Apologies for the loooong gap in posting! A lot has happened in the last month or two, including going back to the US around Christmas, then returning to Addis and moving into a new apartment. Internet has been more of a treat than a norm lately as well. Anyway, now that I’m back and settled in, will try to keep up posting more! 🙂
The trip back to the US was a whirlwind of visits to catch up with as many people as I could squeeze in seeing! Though the days were quite packed, I came away from the two weeks feeling like I’d stepped under a waterfall of love and affection, with each visit emotionally filling me up until my cup was yet again overflowing. From Ithaca to Boston, Brattleboro to Springfield, I got to see so many old friends, and even make dear new ones. For everyone who I was blessed to see and/or Skype with, thank you! And if we didn’t get the chance to re-connect, would love to Skype from here!
As the 28-hour, 7,000-mile journey to the US drew to a close, I felt beyond excited to be back in my familiar country, state, town and house. But I also struggled to know whether I could say I was going “home”. It shouldn’t be too difficult to use that word for a place I’ve come back to for the last 21 years of my life. But for this year at least, Addis is where I’m going to spend the vast majority of my time, and given my strong desire to not just pass through but instead make deep, root-like connections with Ethiopian people, language and culture… and given that I often feel much more connected to peoples’ outlook on life here than in the US… it seems like Addis also deserves “home” status. Anyway, there’s no right answer, but given how strongly I’m considering living outside of the US in the future, the feeling of multiple and shifting home-ship will likely be encountered again for years to come.
I came back to a few weeks of some of the biggest holidays of the year in Ethiopia! The first was Genna [gun-ah] (Christmas, celebrated according to the Orthodox calendar on January 6). In the days leading up to Genna, you could feel the palpable sense of excitement in the air—despite the fact that here, people do not usually exchange gifts for Christmas; the holiday is almost entirely centered around the joy of being together with family. The family whose kids are in my junior youth group (which I realized I haven’t written about yet but will soon!) invited me to their home for Genna, which meant so much to me: they are not very well off financially, yet their spirit of generosity prompted them to share what they did have. I’m blown away by this and other similar acts of giving I’ve seen here, and hope I can someday come close to this level of sacrifice.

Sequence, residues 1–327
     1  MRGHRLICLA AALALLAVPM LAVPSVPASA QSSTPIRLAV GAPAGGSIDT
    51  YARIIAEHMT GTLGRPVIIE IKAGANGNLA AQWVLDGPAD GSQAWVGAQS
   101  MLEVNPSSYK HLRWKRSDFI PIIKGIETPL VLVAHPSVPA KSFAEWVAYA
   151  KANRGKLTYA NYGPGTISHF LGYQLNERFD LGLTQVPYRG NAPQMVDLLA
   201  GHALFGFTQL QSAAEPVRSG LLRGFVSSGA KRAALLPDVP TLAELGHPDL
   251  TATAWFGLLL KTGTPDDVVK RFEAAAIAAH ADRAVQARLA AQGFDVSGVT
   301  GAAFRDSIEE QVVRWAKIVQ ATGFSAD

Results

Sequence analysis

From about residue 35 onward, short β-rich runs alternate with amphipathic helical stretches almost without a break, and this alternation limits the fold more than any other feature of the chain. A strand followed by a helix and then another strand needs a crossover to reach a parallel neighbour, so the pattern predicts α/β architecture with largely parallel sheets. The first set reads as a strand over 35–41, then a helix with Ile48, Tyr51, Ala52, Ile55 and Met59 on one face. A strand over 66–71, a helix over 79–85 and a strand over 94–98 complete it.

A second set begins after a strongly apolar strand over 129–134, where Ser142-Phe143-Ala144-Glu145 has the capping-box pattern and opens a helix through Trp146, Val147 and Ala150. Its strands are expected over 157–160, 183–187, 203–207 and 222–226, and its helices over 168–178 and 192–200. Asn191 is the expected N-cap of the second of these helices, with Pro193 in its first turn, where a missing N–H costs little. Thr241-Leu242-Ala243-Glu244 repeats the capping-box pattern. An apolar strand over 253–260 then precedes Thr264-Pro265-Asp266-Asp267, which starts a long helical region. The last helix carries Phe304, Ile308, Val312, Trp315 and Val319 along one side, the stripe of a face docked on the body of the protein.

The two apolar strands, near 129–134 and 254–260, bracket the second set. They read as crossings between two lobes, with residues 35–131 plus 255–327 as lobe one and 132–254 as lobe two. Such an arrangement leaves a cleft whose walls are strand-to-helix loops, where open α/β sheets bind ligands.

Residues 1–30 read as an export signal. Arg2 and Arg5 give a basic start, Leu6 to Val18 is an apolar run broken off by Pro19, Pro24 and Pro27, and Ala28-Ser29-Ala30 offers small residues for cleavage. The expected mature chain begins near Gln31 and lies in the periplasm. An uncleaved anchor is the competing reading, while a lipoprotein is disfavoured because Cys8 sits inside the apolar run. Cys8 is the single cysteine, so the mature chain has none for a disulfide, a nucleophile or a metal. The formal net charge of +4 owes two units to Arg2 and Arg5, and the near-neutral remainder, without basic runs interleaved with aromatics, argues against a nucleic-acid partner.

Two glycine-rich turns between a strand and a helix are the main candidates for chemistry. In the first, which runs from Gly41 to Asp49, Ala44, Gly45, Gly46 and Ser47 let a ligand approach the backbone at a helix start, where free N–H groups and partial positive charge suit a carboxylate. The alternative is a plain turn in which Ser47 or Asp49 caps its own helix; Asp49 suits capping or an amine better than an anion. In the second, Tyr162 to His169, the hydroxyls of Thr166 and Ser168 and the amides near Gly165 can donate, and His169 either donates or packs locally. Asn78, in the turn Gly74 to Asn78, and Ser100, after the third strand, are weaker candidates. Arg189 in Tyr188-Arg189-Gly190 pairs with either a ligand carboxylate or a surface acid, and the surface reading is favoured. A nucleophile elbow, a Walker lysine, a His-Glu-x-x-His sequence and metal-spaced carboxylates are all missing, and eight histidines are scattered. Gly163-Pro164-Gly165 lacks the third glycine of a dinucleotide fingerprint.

So how do you prepare for a Genna celebration? Well, first you walk about 2 minutes outside your front door to the nearest person selling sar, a bundle of long grass that’s sold on Christian holidays, saint’s days, etc.
Then you take your bundle home and spread it all around the entrance to your front door. Restaurants and stores even put it inside too. It smells quite nice, not exactly fresh-cut-grass-in-New-England-summertime smell, but still a leafy and “green” smell.
Then you go change into your traditional Ethiopian dress, the chamis, pass countless numbers of adorable kids dressed in the same, and return the pleased smiles as people realize you’re wearing this prized aspect of their culture. (I can’t tell you how many people, usually complete strangers, have come up to me when I’m wearing this dress and, nodding approvingly, say “Ethiopian culture is beautiful, no?” In an increasingly-globalized world, and in a continent which in many ways is quickly shifting towards Western clothes, music, language and mindset, I love seeing a place where people are so proud of their traditions!)
Wanting to bring something to share with this generous family who’s invited you over, you head to the nearest bakery to buy a cake. (In a somewhat conceding manner, since you spent the last 3 days searching all the nearby shops for the ingredients to make a banana bread…only to have your oven die on you that morning 🙂 ). Since this bakery happens to be one of the most popular ones in town, you join the crowd of 25-30 people who, trying to do the same thing, are mobbing the counter. (I know in the US, holiday shopping can be a crowded, congested experience, but trust me, it’s mild compared to this!) After the requisite shoving and arm-wiggling to ensure people don’t cut you in the “line”, you go to your host family’s house and greet every person with the usual greetings, plus “Melkam Genna!” (Happy Christmas).
After an indeterminate time of relaxed talking, hanging out, etc., the meal is served. There’s no Genna-specific food, but it is almost guaranteed that you’ll taste doro wot, a spicy sauce-stew of slow-cooked chicken. It’s eaten with injera, the spongy thin bread that’s a staple here. As a special treat, a HUGE loaf of difo dabo bread is brought out – this is more similar to Western bread, except it’s thick, faintly sour and almost as long as your arm! It’s also cooked over a fire (which I got to see when I came over the day before). Each region of Ethiopia has its own version of this bread.
Finally, you end with the buna (coffee) ceremony.
Then you go home, so stuffed you swear you will not eat again for three days 🙂